NOP solves economic collapse – helps local communities

Conathan 11 - Michael Conathan is the Director of Ocean Policy at American Progress, (Michael Conathan) “National Ocean Policy: A Path to America’s Ocean Future”, October 26, 2011,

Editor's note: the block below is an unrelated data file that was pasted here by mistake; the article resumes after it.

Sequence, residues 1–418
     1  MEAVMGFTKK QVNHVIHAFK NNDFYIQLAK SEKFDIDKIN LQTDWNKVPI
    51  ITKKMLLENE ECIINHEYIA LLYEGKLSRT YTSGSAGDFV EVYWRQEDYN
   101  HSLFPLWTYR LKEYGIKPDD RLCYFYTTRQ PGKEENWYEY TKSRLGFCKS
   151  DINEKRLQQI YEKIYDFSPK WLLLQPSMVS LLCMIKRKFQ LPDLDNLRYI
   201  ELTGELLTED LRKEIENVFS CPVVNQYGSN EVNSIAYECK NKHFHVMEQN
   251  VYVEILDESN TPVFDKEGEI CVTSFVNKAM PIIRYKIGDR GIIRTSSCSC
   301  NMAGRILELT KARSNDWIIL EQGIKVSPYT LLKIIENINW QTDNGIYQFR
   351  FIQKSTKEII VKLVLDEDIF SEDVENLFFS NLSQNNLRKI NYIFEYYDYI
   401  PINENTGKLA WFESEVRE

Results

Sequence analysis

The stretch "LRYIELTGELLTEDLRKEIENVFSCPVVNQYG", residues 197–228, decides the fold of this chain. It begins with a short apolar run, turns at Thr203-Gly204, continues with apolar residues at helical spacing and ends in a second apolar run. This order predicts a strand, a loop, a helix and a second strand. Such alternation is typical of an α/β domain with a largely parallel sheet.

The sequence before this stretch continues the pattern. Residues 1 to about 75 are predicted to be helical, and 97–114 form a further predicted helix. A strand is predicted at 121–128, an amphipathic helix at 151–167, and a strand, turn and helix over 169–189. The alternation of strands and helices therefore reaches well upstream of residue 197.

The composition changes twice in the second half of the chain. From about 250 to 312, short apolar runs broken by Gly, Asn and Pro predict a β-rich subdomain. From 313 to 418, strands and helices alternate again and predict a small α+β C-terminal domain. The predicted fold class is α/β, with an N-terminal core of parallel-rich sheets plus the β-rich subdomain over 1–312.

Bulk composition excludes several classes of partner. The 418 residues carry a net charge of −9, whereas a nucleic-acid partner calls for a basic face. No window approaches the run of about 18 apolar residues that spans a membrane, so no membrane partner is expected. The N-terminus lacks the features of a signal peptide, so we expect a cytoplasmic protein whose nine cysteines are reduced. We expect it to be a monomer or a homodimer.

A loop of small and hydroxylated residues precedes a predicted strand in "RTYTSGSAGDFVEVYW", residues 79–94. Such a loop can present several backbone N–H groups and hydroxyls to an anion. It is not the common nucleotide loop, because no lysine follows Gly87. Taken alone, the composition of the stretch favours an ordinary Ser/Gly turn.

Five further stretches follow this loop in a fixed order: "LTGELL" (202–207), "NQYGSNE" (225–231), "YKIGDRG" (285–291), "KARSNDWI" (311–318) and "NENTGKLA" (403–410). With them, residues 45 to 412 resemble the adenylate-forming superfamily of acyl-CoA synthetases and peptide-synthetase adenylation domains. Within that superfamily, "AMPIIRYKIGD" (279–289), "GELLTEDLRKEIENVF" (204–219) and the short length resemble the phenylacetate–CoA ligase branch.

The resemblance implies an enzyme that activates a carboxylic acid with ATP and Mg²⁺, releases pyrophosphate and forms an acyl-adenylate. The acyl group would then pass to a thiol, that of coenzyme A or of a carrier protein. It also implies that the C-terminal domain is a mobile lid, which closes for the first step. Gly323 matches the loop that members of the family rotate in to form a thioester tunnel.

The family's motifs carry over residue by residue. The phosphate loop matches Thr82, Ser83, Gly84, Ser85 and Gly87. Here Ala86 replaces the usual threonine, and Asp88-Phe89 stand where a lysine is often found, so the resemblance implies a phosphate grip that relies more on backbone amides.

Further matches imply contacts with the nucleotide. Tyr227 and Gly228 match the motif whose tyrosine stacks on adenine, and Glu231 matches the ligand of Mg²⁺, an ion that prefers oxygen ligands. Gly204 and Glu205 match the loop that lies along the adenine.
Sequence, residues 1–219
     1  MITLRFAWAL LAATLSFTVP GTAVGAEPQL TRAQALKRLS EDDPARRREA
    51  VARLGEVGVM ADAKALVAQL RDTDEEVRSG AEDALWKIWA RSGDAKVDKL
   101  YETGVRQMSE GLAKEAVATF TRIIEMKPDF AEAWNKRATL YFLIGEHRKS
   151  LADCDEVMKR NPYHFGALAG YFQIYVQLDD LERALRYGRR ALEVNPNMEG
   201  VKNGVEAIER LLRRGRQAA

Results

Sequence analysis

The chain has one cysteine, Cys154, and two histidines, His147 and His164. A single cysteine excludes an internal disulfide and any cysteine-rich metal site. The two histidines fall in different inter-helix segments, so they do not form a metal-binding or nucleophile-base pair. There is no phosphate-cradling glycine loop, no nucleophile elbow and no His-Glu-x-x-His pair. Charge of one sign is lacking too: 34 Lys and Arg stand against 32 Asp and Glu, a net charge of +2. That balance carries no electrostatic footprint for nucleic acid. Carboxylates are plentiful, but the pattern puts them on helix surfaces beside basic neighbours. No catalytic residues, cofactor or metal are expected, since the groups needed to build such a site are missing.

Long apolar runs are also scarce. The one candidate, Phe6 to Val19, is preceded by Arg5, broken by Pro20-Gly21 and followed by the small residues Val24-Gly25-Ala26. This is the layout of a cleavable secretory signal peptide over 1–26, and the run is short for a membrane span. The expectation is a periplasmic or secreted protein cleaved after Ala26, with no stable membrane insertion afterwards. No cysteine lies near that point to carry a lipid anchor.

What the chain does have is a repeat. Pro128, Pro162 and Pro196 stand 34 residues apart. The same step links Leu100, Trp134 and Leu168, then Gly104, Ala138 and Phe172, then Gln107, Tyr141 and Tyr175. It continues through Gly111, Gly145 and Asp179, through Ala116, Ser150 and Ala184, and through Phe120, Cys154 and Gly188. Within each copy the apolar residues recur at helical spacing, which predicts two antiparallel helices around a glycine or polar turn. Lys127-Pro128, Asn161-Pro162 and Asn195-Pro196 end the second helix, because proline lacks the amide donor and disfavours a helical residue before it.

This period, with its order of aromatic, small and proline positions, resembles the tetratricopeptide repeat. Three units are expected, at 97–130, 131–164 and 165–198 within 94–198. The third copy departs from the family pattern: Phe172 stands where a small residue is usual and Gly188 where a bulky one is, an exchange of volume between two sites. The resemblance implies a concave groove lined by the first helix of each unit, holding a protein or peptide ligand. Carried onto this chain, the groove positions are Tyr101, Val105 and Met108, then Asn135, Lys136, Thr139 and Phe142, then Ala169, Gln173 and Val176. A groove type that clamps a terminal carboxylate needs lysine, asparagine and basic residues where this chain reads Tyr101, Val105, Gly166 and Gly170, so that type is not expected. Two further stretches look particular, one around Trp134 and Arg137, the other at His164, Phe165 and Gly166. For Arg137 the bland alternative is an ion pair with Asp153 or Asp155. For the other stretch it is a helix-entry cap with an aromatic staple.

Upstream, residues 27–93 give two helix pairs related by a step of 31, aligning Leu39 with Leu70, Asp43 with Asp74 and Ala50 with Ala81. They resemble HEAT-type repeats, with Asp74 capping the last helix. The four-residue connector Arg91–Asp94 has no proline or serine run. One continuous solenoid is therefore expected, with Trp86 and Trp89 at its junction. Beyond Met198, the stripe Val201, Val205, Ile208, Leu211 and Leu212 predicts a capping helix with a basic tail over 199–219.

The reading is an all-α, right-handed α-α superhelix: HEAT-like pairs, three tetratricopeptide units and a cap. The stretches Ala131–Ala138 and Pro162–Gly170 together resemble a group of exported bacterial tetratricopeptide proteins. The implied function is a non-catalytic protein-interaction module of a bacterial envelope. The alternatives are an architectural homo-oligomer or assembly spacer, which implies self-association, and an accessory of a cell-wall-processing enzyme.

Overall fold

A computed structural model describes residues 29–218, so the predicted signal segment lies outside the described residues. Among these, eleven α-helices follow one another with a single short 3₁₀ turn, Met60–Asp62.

In addition to supporting comprehensive ocean planning, the National Ocean Policy contains eight other national priority objectives, including the establishment of a science-based strategy to align conservation and restoration goals at federal, state, tribal, local, and regional levels and the strengthening and integration of federal and nonfederal ocean observing systems and data management into one national system, to then be integrated into international observation efforts.¶ According to the National Ocean Economics Program, our oceans, coasts, and Great Lakes are critical components of our nation’s economy. U.S. coastal counties are home to more than half of all Americans, generate an estimated $8 trillion per year, and support 69 million jobs.¶ In Florida, for example, a report prepared by the National Ocean Economics Program for Florida’s Ocean and Coastal Council showed that tourism, recreation, and fishing contributed $18.9 billion to Florida’s GDP in 2005. In addition to the benefits the entire nation will reap from implementation of the nine priority objectives in the National Ocean Policy, Florida’s coast is particularly vulnerable to sea level rise as a result of global climate change, and its reefs are at significant risk from ocean warming and acidification. The NOP’s goals include strengthening resiliency of coastal communities to these threats. The Joint Ocean Commission Initiative found that in California, as of 2007, more than 85 percent of gross domestic product and nearly 12 million jobs came from economic activity in these coastal estuarine areas. California’s state government has prioritized ocean conservation and has used the concept of NOP in implementation of the Marine Life Protection Act, which used stakeholder input to develop the boundaries of marine protected areas within its state waters.¶ And in Michigan, a state deeply affected by the economic downturn, 15 percent of all jobs are associated with the Great Lakes, and they make up 23 percent of the total payroll, according to Michigan’s Sea Grant program. While some would imply that the administration is over-reaching its authority by extending ocean policy to the Great Lakes, the core missions of the National Oceanic and Atmospheric Administration, BOEMRE, and other federal agencies with oversight of ocean activities already encompass the Great Lakes. This is appropriate as activities on the Lakes, including fishing, boating, shipping, and energy development, are equivalent to their maritime counterparts.¶ Comprehensive ocean planning will further ensure the stability of the nation’s seaports as additional uses of ocean space evolve. This is of utmost importance to the entire country. Again, according to the Joint Ocean Commission Initiative, the value of imports through U.S. ports was almost $2 trillion in 2010, and in 2008 commercial ports supported 13 million U.S. jobs. Ports that accommodate oceangoing vessels move 99.5 percent of U.S. overseas trade by volume and 64 percent by value, and compared to 2001 total freight moving through U.S. ports is expected to increase by more than 50 percent by 2020.¶ Declining ocean health and a lack of effective coordination among regional groups, states, and federal bodies is putting this great economic engine at risk. Wise investment in the future of our oceans will provide a tune-up for our marine economic engine that will keep it running smoothly for future generations. On the other hand, failing to address these inadequacies will lead to increasing inefficiencies and systemic breakdowns.